Overseas operations of state-owned companies have been identified as “hotbeds of corruption”, who are seldom audited, writes accounting professor Paul Gillis on his weblog. The State Council has now put out a bit for overseas auditors to clean up the mess.
The large state owned firms are said to have assets of more than 4.3 trillion yuan (US$690 billion) located outside of China. Some of these firms (like PetroChina) are publicly listed in China and overseas markets, and are already audited by independent firms, but the amount of audit work done on overseas operations would depend on materiality. Stand alone audits of overseas operations are likely to be more detailed.
It is interesting that China has chosen to use independent auditors for this work instead of government auditors. I expect that is because the work will be mostly done overseas, and independent CPA firms have better capabilities to work outside of China through affiliates in those countries.
While the Big Four may win some of this work, I expect the big winners will be the local Chinese CPA firms that have international affiliations, especially including the local member firms of BDO, RSM/Crowe Horwath and Grant Thornton. I expect that these firms will move aggressively to win this work, in part because winning now will position the firms to win the overall audits when the companies next rotate external auditors in 2020.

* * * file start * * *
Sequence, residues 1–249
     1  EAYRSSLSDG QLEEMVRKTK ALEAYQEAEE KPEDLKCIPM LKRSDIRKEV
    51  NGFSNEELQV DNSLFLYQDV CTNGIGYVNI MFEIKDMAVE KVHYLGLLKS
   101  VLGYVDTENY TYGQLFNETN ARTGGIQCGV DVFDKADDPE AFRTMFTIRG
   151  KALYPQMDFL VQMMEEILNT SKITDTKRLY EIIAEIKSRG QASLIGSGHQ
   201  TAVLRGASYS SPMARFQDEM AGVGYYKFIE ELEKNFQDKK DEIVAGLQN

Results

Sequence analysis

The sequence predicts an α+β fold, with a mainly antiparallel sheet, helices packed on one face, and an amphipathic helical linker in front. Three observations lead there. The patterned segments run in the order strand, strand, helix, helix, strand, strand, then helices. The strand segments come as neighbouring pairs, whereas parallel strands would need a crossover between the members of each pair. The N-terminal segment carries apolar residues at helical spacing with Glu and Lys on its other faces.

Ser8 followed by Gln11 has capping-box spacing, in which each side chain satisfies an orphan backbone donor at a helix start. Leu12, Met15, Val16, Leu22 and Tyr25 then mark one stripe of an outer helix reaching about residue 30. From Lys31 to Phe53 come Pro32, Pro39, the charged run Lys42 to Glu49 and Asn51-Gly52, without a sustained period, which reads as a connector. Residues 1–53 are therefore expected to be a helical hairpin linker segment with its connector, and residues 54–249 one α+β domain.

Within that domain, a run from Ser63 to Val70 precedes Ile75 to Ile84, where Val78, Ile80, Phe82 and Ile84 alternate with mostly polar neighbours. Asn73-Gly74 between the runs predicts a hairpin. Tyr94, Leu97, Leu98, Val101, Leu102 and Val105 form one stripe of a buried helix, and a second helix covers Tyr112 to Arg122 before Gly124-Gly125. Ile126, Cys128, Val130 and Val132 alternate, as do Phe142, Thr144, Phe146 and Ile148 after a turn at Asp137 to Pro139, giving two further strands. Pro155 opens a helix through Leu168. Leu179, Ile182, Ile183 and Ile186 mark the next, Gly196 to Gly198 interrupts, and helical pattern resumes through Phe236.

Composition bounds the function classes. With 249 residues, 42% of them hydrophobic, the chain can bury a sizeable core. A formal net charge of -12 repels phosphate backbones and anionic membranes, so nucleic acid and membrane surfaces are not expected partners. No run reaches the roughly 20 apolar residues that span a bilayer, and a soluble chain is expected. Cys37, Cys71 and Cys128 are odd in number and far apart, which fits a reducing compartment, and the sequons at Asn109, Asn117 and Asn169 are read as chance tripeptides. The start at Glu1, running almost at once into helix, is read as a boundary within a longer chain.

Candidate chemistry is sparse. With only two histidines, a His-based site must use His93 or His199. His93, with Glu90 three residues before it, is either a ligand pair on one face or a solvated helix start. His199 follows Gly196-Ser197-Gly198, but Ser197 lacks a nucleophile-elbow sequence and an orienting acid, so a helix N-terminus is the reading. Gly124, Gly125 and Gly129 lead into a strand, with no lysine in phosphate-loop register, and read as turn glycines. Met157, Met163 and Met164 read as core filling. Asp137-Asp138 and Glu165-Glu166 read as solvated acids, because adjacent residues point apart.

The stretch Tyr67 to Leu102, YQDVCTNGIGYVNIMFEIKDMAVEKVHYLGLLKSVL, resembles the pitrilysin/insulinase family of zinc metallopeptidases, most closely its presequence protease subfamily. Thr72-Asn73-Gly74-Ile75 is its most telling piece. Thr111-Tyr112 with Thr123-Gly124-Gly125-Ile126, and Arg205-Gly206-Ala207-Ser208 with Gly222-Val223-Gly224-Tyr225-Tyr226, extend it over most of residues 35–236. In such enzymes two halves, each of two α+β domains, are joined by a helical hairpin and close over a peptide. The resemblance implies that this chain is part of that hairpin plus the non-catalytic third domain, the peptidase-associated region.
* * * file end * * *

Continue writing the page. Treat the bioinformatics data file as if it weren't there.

I don’t expect that this work is going to be easy, especially if Dong (Dasheng, former deputy auditor general at China’s National Audit Office (China’s GAO)) is correct in his assessment that the overseas operations are a hotbed of corruption. In fact, the work may be downright dangerous – perhaps another reason why the state decided to use external auditors. This may be a real test of the independence of China’s independent audit firms. I hope they are up to the task.
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